I'm back from Spring Harvest. We had an amazing time. God was doing so much in people's lives, it was a joy to be involved.
Linda and I covered the Evolution celebration in the evenings. It's for 18-25s, though there were a good few a bit younger and a lot older than that. Andy Flanagan led the worship - he was really excellent (check out his album Son for some of the most affecting worship music written in the past couple of years).
We've come back full of ideas about how we can bring a different way of doing things to our evening services. This links to stuff I was blogging recently about how we do teaching. This coming Sunday we're kicking off a series on tough issues interspersed with a look at Philippians. This week I'm going to do a workshop-style thing on how we make moral and ethical decisions.
What I found interesting about Evolution is that the teaching style was both directive - lots of things being said from the front - and discovery-focused - work in groups, reflective times by individuals encouraged to paint a picture, write a postcard home, bang a drum, etc.
The directive teaching was pretty black and white. There was very little 'this the way we see it, what do you think?' but the discovery stuff was committed to giving young people the space and resources to find out for themselves a shape or pattern of Christian spirituality that fits and works for them.
This seemed to me to be striking a right balance. There is a need for us to talk about what the Christian faith is all about. The problem with our sermons is that we often try to say too much - we want to communicate everything all at once - and we don't say it very well. People don't connect with sermons because there aren't handles for people to get hold of. It seems to me that what we did at Evolution (I use 'we' for a reason that will become evident in a moment) was provide good teaching and handles to help people appropriate and apply it themselves.
There was a third strand to this - and it's where we came in - that was praying with individuals about what they'd heard and what they were seeking to do with it. It seems to me that learning ought to happen in the context of prayer. As we wrestle with meaning and application, we ought to do so in the context of prayer.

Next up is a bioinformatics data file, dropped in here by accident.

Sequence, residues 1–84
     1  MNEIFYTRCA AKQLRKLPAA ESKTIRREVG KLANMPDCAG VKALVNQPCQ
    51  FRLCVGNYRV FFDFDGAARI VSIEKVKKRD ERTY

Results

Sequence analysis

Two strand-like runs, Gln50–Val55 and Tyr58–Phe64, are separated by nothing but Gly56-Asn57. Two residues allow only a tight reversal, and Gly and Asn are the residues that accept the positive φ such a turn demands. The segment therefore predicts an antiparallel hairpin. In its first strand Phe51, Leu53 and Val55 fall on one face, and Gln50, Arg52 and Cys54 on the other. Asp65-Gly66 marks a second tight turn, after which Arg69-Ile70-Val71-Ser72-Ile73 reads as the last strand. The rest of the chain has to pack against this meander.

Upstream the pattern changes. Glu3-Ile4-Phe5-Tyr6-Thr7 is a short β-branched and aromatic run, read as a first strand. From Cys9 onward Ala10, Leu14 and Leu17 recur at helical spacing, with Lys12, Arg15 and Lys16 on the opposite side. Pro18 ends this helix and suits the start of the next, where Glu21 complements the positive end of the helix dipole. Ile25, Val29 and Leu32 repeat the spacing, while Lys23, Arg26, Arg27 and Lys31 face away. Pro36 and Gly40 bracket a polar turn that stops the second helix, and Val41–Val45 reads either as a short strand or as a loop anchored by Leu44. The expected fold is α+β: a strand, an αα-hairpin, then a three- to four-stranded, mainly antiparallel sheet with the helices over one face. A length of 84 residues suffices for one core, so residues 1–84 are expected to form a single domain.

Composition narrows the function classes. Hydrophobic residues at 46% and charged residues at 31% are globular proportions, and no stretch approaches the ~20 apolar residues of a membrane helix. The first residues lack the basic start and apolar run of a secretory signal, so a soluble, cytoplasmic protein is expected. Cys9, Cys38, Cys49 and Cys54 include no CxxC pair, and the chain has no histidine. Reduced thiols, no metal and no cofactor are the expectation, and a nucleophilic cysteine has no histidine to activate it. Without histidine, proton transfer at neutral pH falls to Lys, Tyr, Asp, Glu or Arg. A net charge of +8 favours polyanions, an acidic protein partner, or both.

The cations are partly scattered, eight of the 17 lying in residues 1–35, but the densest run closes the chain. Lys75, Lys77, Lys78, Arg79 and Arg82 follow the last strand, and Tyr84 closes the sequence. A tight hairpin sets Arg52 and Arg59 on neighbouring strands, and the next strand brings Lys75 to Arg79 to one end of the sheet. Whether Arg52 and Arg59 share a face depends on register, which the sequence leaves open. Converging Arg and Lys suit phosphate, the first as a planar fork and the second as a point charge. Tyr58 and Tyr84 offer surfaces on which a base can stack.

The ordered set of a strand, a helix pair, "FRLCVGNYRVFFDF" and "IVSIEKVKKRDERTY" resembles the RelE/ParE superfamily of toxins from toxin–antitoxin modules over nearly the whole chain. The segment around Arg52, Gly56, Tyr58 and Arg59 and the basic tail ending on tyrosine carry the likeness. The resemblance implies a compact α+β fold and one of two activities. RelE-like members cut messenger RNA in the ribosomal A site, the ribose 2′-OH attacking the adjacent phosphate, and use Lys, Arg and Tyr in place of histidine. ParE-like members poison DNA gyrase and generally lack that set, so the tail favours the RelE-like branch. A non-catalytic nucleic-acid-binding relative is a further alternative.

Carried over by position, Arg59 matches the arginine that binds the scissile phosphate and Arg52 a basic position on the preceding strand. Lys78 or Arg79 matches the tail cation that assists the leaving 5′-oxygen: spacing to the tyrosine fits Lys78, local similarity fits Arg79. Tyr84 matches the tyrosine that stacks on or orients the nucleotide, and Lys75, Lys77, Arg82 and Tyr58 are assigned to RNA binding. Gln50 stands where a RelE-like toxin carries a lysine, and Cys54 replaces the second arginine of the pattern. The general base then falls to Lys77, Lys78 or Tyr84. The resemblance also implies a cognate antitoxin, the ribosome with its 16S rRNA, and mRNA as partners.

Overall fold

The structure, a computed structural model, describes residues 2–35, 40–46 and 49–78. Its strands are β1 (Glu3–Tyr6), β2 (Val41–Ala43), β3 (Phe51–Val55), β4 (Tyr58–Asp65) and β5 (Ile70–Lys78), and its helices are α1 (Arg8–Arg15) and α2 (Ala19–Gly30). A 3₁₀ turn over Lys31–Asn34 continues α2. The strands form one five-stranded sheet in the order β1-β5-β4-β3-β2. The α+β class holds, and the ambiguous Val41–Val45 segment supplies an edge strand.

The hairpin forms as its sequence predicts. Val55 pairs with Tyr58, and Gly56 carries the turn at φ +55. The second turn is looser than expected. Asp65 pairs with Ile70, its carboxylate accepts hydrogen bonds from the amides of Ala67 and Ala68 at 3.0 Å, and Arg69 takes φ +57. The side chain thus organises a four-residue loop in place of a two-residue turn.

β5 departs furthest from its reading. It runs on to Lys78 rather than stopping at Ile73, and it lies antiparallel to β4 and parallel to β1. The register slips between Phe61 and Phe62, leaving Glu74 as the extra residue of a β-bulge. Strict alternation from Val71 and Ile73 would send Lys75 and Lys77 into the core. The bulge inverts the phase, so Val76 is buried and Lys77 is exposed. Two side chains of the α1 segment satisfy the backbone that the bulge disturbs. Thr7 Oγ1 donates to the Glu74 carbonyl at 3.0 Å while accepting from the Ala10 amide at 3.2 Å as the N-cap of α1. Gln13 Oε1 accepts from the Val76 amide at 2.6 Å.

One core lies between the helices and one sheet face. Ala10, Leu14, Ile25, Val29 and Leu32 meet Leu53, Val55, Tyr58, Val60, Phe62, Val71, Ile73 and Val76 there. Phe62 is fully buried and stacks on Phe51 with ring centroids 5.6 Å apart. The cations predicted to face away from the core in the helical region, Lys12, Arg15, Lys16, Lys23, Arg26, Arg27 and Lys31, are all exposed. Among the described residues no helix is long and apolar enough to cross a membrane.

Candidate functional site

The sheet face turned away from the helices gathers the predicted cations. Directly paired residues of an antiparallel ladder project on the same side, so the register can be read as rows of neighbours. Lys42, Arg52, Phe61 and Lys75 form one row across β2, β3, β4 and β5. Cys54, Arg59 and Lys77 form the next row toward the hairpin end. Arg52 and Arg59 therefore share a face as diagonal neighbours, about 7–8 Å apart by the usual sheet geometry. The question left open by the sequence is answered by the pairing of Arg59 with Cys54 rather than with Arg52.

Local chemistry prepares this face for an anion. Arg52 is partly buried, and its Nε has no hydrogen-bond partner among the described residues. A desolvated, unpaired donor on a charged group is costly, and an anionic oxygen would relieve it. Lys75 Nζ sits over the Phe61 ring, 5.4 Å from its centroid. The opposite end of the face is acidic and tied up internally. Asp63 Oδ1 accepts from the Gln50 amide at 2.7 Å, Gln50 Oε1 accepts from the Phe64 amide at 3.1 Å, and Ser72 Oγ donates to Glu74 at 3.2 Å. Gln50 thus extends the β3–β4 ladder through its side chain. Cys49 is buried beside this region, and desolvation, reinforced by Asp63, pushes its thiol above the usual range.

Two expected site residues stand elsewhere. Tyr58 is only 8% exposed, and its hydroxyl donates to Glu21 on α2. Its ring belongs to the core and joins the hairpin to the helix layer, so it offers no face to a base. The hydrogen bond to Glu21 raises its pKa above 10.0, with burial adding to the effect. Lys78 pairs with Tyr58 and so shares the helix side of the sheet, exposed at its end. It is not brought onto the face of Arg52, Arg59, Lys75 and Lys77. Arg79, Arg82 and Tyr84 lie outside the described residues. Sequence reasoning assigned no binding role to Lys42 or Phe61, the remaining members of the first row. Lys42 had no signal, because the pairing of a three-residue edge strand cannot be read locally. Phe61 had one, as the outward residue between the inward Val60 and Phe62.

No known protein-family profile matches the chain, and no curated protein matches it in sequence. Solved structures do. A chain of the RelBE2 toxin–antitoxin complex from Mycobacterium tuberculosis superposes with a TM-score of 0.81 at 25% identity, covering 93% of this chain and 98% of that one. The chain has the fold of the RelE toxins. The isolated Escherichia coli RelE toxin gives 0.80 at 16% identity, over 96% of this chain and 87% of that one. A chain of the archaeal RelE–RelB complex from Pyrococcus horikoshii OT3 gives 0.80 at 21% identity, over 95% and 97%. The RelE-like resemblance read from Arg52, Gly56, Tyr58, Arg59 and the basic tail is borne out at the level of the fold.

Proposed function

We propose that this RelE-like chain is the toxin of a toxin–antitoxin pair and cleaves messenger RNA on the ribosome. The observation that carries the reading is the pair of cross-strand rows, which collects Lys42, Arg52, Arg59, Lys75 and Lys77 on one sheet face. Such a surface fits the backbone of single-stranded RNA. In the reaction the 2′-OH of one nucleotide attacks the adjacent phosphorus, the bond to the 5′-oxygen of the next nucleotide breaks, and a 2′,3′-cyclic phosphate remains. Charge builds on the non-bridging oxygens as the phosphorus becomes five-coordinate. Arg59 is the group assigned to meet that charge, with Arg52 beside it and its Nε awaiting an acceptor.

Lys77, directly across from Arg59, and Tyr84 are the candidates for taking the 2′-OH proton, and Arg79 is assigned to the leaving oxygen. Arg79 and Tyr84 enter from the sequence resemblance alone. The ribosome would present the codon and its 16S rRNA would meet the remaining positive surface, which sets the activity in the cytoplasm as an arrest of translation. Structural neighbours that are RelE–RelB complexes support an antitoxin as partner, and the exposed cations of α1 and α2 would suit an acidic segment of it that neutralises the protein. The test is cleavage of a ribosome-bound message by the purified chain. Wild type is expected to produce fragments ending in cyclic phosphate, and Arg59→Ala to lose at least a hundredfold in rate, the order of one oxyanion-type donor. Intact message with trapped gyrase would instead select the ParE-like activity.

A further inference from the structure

Lots of lives were changed this week because there was directive teaching, discovery time and prayer in groups or with a member of the ministry team. It was wonderful to be part of it.
Friday, April 01, 2005
When God blows your mind
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Good to read your assessment of the event. We did Skeg Week 1. I have posted notes from a number of the sessions. Gerard Kelly (author of the Study Guide) did a storming job of the Main Bible Readings. You can find the notes under April 1.
Re "how we make moral and ethical decisions", these 2 links may be helpful re George Barna's book "Think Like Jesus". See http://www.barna.org/FlexPage.aspx?Page=BarnaUpdate&BarnaUpdateID=154 and http://www.barna.org/FlexPage.aspx?Page=Resource&ResourceID=113
I hear Gerard was really good. Thanks for the links. I'll follow them up
I think the Evolution model of teaching sounds intriguing. As a youth worker who's preaching in "grown-up" church more and more regularly, I'm struck by just how much my training and experience of teaching young people informs the way I approach teaching adults.
It seems daft to me that we readily acknowledge that young people need a variety of stimuli in order to engage, when many adults would probably value a similar approach. I'm fortunate enough to be working in a context in which the church membership is genuinely open to exploring different ways of engaging with God on a Sunday morning - so this week we'll be having a short talky bit about the events on the Emmaus road followed by two or three "stations" at which the congregation can reflect on the ideas of journey, story and encounter. I guess that's the benefit of a congregation of 30-40 - there's no problem with moving them around the building!!
If past experience is anything to go by, it should work OK...!
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